Resource officer shot in Maryland school shooting suspect
Authorities hold press conference to update the investigation of the shooting at Great Mills High School, that left a suspect dead, two wounded.
The Maryland high school student who fatally shot a classmate last week and injured died of a self-inflicted gunshot, officials said Monday.
Austin Wyatt, Rollins, 17, shot himself in the head at Great Mills High School on Tuesday after the opening of a fire in a hallway with his father and legal ownership of the gun, the St. Mary’s County Sheriff’s Office said.
Austin Wyatt, Rollins died of a gunshot to the head, officials said.
Just before 8 pm on Tuesday, Rollins “fired a shot from a gun” on a school, a hall, who hit both Jaelynn Willey, 16, and Desmond Barnes, 14, according to the officials.
Rollins continue to walk in the school, before they, together with the school’s armed resource officer, Deputy Blaine Gaskill. Both Rollins and Gaskill “simultaneously” fired, but Rollins “fired a fatal shot into his head.”
Gaskill’s shot “struck the weapon in Rollins’ hand.” The first messages in the aftermath of the shooting were unclear or Rollins committed suicide or was shot by the deputy.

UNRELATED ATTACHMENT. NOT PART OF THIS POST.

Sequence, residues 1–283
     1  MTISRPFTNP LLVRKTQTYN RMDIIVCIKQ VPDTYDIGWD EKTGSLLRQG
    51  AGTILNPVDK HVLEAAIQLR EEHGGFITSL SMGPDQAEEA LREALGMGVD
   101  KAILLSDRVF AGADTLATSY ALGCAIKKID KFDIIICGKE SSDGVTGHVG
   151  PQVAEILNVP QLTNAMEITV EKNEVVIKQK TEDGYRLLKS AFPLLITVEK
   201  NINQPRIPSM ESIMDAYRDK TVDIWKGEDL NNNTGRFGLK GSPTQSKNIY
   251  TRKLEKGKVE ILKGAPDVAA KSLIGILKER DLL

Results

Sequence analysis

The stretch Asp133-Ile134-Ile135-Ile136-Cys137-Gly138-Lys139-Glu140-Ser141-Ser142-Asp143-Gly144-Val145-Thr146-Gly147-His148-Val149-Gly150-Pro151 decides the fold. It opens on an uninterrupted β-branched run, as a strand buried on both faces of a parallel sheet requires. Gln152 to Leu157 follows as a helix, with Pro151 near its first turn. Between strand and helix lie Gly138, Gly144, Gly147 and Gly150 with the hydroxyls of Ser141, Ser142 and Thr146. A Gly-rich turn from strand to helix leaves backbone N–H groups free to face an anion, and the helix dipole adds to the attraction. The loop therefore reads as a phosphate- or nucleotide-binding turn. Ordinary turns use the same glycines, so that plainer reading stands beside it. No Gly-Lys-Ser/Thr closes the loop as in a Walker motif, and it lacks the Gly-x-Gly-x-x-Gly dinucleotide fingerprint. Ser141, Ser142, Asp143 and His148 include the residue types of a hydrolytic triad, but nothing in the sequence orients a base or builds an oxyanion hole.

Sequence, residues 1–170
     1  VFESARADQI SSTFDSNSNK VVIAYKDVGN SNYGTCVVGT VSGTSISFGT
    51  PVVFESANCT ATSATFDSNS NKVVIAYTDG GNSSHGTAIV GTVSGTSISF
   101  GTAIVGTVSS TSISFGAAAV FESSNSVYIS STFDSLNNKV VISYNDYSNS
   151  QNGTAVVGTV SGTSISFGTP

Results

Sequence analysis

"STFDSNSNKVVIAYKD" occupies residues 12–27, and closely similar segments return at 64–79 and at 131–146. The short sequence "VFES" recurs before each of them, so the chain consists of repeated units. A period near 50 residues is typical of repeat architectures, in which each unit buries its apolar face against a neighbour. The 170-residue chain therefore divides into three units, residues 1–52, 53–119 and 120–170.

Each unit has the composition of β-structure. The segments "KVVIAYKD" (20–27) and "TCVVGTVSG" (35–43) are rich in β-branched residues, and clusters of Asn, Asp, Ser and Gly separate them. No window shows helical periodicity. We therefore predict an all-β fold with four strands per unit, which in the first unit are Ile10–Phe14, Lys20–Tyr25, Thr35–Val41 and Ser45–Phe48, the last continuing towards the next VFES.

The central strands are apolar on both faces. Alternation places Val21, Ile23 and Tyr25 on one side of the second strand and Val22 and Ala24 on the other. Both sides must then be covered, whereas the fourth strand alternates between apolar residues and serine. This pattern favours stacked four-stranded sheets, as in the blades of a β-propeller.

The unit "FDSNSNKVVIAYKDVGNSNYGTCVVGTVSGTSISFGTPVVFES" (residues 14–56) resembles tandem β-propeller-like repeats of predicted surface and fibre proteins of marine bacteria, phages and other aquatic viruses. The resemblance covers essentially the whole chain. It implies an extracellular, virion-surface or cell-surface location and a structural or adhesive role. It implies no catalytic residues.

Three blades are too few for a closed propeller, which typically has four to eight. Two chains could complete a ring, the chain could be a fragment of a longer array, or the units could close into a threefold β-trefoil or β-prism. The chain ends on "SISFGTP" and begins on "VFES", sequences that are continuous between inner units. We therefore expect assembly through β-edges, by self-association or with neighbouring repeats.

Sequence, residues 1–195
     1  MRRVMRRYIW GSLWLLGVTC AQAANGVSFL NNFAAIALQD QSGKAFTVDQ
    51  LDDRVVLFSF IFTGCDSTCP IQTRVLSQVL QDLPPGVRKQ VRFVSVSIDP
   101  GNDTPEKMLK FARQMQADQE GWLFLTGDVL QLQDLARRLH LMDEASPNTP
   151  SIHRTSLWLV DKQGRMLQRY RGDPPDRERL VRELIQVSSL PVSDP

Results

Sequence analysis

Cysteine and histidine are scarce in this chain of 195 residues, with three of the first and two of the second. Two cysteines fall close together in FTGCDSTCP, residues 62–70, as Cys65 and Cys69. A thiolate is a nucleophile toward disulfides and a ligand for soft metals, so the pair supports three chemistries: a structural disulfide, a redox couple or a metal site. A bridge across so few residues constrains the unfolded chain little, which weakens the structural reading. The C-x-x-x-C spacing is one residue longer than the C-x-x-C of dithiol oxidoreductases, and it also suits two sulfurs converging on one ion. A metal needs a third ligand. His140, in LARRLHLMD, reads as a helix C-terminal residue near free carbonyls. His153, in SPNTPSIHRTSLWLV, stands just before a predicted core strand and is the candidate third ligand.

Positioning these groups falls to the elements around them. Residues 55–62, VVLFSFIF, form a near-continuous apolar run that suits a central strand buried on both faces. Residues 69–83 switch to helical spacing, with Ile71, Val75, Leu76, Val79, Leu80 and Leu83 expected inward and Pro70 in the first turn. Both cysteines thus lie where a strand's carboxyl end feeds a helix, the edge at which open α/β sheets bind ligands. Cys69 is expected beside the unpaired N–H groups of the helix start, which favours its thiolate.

Jaelynn Willey, 16, who was shot at the Great Mills High School on Tuesday, drawn from life after her family said she is brain-dead.
(With thanks to the Willey family)
Willey, who the police said: “had a relationship” with Rollins “recently closed,” died Thursday after her family pulled her off life support.
Barnes was hit in the leg during the incident, and has since been released from the hospital, according to The Baltimore Sun.
A sign from Maryland, Great Mills High School is seen in the crowd during the “march for Our Lives” rally in support of gun control, Saturday, March 24, 2018, in Washington.
(AP Photo/Alex Brandon)
The school shooting came a few weeks after 17 people were massacred at marjory Stoneman Douglas High School in parkland, Florida. Students from both schools took part in the march for Our Lives rally in Washington, D. C. in protest of armed violence over the weekend.
Nicole Darrah cover breaking and trending news for FoxNews.com. Follow her on Twitter @nicoledarrah.